I like to take long walks occasionally and I do not like the idea of paying for overnight accommodation, porterage and such, so I wild camp and carry everything on my back. But it’s heavy and seems to become heavier as the days progress. That’s why for some years now I have been incubating this idea of pulling my camping gear behind me rather than hefting it on my back. I tried various solutions without success. Then I made a lucky find. Someone in a rather rich area near my flat in Oxford had thrown away a used golfing trolley. I adapted it and this contraption with the luggage bag or box (a slightly modified modern grass box from an electric mower) plus flexibly attached and also modified haversack became known to me as the trolley. Now I could carry a much bigger tent and have a go at a walk I have often fancied: the Cotswold Way.

So, at the end of August in 2023, I struggled onto a very busy train from Oxford with my trolley and travelled to Bath, the southern end of the Way. It seemed to take forever extricating myself from the city but I did it and ended that first day in a camping spot beyond a rusty gate just to the north of Hinton near a massive manure heap and a wood. As I erected the tent a car parked in the rusty gate entranceway! I could not believe it. Who could it be? The owners of the field? Officers of the Stop Wild Camping Brigade? Lovers? Everything was already wet from the rain soaked grass so I had no choice but to continue making camp. By the time I’d finished it was almost dark, so I took my torch to the gate and waved it about a bit. A light came on in the car and the driver’s window was lowered. A youngish woman said, “Sorry, is this your gate?”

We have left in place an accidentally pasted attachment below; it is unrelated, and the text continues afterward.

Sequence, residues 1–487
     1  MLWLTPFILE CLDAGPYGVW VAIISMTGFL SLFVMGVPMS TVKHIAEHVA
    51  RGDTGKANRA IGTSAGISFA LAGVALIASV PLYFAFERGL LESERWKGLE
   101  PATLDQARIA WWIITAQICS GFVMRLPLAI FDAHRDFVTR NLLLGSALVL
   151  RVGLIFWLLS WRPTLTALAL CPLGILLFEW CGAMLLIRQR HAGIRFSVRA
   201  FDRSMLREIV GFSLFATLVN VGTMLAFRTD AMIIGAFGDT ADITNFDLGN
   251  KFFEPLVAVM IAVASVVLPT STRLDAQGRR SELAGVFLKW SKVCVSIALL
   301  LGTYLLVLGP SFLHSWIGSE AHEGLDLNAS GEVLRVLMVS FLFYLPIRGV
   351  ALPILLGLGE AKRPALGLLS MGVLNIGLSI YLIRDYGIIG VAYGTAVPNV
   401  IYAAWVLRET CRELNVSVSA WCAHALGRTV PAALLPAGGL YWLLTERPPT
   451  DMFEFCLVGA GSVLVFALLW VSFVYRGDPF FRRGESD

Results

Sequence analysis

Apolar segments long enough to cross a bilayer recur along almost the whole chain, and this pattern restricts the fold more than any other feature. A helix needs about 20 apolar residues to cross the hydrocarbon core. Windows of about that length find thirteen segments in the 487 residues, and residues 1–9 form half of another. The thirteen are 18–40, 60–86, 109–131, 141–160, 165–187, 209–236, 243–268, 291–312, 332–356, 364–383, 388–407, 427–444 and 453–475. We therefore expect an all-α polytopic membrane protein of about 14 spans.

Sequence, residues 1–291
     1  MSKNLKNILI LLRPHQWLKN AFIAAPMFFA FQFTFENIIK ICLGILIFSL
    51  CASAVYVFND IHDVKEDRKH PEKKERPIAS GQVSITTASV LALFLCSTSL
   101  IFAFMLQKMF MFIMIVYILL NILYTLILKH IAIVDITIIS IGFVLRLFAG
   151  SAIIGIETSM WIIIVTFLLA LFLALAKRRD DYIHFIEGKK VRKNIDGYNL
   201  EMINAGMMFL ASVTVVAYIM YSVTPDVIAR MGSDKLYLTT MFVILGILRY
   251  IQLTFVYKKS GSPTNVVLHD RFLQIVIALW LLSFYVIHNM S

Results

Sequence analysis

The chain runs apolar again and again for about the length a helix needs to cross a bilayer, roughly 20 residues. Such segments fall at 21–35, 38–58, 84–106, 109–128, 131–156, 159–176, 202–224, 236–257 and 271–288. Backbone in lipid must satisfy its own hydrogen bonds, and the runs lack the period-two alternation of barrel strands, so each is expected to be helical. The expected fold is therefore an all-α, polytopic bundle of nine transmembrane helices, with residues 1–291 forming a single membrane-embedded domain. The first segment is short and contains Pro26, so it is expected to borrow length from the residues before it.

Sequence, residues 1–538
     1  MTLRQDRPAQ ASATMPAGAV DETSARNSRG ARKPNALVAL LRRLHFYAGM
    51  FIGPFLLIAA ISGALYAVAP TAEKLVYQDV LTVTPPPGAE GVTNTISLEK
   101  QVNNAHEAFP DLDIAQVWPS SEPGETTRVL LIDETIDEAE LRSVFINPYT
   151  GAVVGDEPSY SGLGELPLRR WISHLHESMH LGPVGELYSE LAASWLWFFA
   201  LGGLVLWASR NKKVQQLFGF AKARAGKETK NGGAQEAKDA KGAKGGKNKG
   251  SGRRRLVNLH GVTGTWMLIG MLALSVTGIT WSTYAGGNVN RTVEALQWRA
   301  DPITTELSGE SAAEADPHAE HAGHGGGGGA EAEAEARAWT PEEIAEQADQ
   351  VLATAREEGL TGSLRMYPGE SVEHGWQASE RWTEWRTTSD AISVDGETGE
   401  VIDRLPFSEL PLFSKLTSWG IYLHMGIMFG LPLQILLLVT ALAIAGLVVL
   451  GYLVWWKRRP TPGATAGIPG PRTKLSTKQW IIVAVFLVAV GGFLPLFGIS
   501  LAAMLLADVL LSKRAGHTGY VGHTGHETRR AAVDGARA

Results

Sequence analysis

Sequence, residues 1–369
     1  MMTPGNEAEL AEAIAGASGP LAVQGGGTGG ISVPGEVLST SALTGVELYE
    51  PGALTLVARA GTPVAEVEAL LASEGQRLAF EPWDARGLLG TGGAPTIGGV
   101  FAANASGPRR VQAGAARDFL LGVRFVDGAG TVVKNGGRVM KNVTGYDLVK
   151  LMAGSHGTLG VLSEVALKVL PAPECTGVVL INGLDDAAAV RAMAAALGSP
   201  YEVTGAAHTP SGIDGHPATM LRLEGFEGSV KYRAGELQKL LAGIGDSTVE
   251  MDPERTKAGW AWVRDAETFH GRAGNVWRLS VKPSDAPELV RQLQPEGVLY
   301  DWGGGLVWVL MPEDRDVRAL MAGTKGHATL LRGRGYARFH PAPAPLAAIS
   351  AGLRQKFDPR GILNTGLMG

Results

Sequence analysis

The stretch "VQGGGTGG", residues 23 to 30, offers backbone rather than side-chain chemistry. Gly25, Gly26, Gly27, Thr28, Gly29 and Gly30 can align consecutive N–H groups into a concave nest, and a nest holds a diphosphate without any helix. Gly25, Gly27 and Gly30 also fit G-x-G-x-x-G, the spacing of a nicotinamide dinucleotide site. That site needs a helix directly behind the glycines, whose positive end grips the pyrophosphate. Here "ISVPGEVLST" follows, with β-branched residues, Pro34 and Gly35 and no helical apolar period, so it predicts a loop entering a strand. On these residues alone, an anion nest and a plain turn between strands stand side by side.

“Not exactly”, I replied as she quickly reversed and sped off, away from Hinton. I walked in the other direction in the near darkness to Hinton’s only pub, the Bull. It had beer, but no food so I dined on salted peanuts. No breakfast the next day either as I towed the trolley alongside the M4 then crossed it to the village of Tormarton. Its pub had closed down, so on again to Old Sodbury where in a pub called The Dog I had a much needed sausage, egg and chips.

By this time I had developed a hatred of styles, kissing gates and all of the things that blocked my way along the Cotswold Way: they are not made for walkers with trolleys. However, that night I made it to Hawkesbury Upton where lay my perfect pub: the Beaufort Arms. Perfect with one exception, the otherwise friendly landlord did not provide tasters of the real ales he purveyed. “You can buy a half or a pint,” he told me bluntly – and he had good reason for his rule. Had a good dinner of faggots and mash then returned to my camp in a corner of the local football field.

Hygiene when wild camping is always a problem, but I did manage a refreshing wash down the next day in a very cold stream. I then sweated my way up Wortley Hill, which overlooks Wotton under Edge. But there was a reward for my efforts: the first good views of the Severn Valley with that wide river shimmering in the distance beside my ancestral home: Berkeley.

A long trek then to North Nibley Monument with its even more panoramic views and onwards to Dursley where I drank in the Old Spot, lost my boots, and had great difficulty finding a wild camping site. Next and last day I made it to Stroud in my sandals and took a three bus trip to Stow on the Wold having completed about half of the Cotswold Way’s one hundred odd miles. There I parked my trolley in the garage ready for an assault on the other half of that beautiful, but challenging footpath.

(This is a much abbreviated version of my notes. If you want the whole story email me.)

Tuesday, 11 July 2023